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In recent years it has been unusual to encounter a single book on British politics whose title offers the hope of a happy ending. Thanks to the Conservative Party and some well-informed journalists, two of these rare bibliographical blessings appeared almost simultaneously towards the end of 2022. They are tales of incompetence and over-promotion, whose subjects exhibited sharply contrasting political styles—an amoral, shape-shifting populist in one case; an inflexible, semi-articulate free market fanatic in the other.
Prepared for the printers with commendable speed, both books contain useful quotations, though they cannot be acclaimed as anything more than ‘the first drafts of history’. The absence of analytical depth could reflect the fact that the various authors are all marginally implicated in the sorry stories they relate, either as supporters of the Conservative Party or writers for cheer-leading publications. As such, they have a professional interest in shirking questions which might occur to more objective observers.
For example, the traumatic impact of Brexit on British politics in general, and on the Conservative Party in particular, is implied rather than emphasised and explored, even though it is unlikely that either Johnson or Truss would ever have become prime minister if the referendum result had been different.
The authors virtually ignore political personalities and developments outside the highest echelons of ‘the natural party of misgovernment’ and its unelected auxiliaries. In place of analysis, the authors opt for assumptions that are occasionally tenuous. Payne begins his account of Johnson's downfall on ‘a cold November evening’ in 2021. At the time, Payne asserts, Johnson was at the top of his game. Yet, in the real world outside clubland, only a quarter of the British public thought that Johnson was equal to the job of prime minister.
Payne's opening scenario remains plausible to the extent that, if the Conservative Party had been led by an individual equipped with passable political and personal judgement, its situation in November 2021 should not have been irretrievable. The same opinion polls suggested that Johnson had not, as yet, hauled his party's poll ratings down to his own execrable level, and Sir Keir Starmer was struggling to win acknowledgement even as the lesser of two evils.
In short, on the eve of self-inflicted disaster Johnson was an impending electoral liability, with obvious potential to ‘toxify the brand’ as well as himself.
Payne attributes his most egregious miscalculations to the inadequate advice he received. He is equally unconvincing when he implies that the Cabinet played a decisive part in Johnson's downfall.
The insuperable difficulty, of course, was not the attitude of the Cabinet, but rather the sudden impulse of almost every junior minister to return to the backbenches, which few of them should ever have left.
To Liz Truss's admirers, the unexpected vacancy of July 2022 offered a chance to avenge 1990 and restore the spirit of Thatcher to Downing Street. But the second Thatcherite tenancy proved more truncated than the first. If the Conservative Party had resorted to Johnson out of electoral desperation, the choice of Truss was the product of collective self-deception. The leadership campaign should have explained to grassroots party members why her ministerial career had consisted of short-lived assignments, shunting her from one department to another while generating mixed reviews, meagre achievements and numerous Instagram posts. She could, perhaps, be forgiven for having been a Liberal Democrat who wanted to abolish the monarchy, but much more recently she had committed the unpardonable crime of supporting Remain.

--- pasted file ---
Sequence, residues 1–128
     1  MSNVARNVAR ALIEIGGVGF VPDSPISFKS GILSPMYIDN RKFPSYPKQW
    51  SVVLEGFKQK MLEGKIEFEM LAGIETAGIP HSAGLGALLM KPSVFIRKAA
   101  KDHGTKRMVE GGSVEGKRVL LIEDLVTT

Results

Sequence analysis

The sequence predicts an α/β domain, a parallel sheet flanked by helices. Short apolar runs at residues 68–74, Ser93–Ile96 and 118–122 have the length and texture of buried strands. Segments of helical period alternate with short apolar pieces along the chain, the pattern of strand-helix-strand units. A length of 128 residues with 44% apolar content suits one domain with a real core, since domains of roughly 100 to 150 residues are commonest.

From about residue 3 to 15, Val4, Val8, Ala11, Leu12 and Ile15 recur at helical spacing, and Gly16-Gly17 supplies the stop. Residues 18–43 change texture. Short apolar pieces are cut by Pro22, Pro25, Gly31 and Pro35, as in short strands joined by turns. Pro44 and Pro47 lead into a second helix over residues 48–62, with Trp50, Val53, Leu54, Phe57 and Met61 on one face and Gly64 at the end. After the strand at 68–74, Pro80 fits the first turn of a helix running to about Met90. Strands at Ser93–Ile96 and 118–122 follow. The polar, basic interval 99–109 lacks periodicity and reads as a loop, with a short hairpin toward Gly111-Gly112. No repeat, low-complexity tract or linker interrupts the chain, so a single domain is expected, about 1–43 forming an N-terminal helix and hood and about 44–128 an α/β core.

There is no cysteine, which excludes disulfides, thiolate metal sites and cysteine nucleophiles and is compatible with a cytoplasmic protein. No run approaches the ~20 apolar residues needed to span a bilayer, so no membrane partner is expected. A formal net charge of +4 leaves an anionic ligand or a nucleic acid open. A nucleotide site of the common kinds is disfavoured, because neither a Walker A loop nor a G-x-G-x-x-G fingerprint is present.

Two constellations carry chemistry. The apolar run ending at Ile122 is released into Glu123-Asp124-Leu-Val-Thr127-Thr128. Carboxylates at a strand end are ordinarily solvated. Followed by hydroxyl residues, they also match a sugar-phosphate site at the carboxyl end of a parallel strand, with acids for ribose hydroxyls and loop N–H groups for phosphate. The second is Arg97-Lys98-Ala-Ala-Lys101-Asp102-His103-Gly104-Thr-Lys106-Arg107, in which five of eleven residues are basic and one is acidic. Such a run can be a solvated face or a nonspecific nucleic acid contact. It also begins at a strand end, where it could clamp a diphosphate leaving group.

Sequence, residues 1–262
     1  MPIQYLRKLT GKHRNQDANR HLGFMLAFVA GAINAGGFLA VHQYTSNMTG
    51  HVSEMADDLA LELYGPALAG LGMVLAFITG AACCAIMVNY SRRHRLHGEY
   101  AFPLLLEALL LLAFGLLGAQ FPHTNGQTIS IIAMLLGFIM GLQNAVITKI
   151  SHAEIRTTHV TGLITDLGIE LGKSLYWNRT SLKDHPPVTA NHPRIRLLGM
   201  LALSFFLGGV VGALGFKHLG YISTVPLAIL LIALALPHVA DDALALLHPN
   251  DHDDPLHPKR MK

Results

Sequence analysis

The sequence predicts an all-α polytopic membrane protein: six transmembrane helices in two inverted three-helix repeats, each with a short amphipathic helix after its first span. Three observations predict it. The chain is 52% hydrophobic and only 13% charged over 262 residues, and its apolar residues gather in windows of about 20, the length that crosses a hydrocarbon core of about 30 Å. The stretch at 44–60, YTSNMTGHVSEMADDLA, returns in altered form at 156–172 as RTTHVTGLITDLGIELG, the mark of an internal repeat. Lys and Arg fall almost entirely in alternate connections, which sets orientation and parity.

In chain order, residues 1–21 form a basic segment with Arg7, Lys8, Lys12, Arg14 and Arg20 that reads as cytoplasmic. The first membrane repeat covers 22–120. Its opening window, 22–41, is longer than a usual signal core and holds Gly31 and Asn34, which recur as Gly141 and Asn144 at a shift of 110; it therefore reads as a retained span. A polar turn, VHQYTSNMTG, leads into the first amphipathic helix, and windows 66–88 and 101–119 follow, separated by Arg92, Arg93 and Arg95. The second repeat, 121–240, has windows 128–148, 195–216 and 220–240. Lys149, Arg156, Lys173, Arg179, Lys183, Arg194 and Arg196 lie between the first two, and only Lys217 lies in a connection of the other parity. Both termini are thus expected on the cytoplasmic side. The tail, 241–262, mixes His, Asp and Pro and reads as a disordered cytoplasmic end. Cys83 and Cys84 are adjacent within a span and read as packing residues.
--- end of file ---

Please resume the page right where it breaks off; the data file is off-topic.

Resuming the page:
Nevertheless, the rank-and-file could not liberate themselves from the pre-programmed idea that she was the rightful winner—because her opponent had betrayed ‘Boris’.
For all their unavoidable limitations, these ‘instant histories’ are heartily recommended to serious observers of contemporary British politics, especially those who dislike the Conservative Party. A further feature of the books, which the authors record without critical comment, is the prominent role played by ‘special’ advisers, either as commentators or participants in events. The general impression is that the fortunes of a government now depend crucially on the calibre of such individuals. The evidence presented here suggests that, since Brexit at least, the main activity of special advisers has been to plot and gossip on behalf of their elected employers. To be fair, though, the Covid carousals of Downing Street denizens played an important part in the process which forced Johnson out of office, and for that service they deserve a modicum of national gratitude.
The Fall of Boris Johnson: The Full Story, by Sebastian Payne, is published by Macmillan. 275 pp. £22.
Out of the Blue: The Inside Story of the Unexpected Rise and Rapid Fall of Liz Truss, by Harry Cole and James Heale, is published by HarperCollins. 324 pp. £20.